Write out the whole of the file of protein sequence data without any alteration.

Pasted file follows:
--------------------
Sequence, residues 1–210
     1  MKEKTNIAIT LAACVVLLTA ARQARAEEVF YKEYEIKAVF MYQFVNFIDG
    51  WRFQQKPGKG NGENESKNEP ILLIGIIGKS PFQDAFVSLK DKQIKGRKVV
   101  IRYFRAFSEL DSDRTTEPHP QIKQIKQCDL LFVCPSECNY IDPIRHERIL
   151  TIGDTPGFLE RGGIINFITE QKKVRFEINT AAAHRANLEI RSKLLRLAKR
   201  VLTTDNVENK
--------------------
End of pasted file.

Sequence, residues 1–210
     1  MKEKTNIAIT LAACVVLLTA ARQARAEEVF YKEYEIKAVF MYQFVNFIDG
    51  WRFQQKPGKG NGENESKNEP ILLIGIIGKS PFQDAFVSLK DKQIKGRKVV
   101  IRYFRAFSEL DSDRTTEPHP QIKQIKQCDL LFVCPSECNY IDPIRHERIL
   151  TIGDTPGFLE RGGIINFITE QKKVRFEINT AAAHRANLEI RSKLLRLAKR
   201  VLTTDNVENK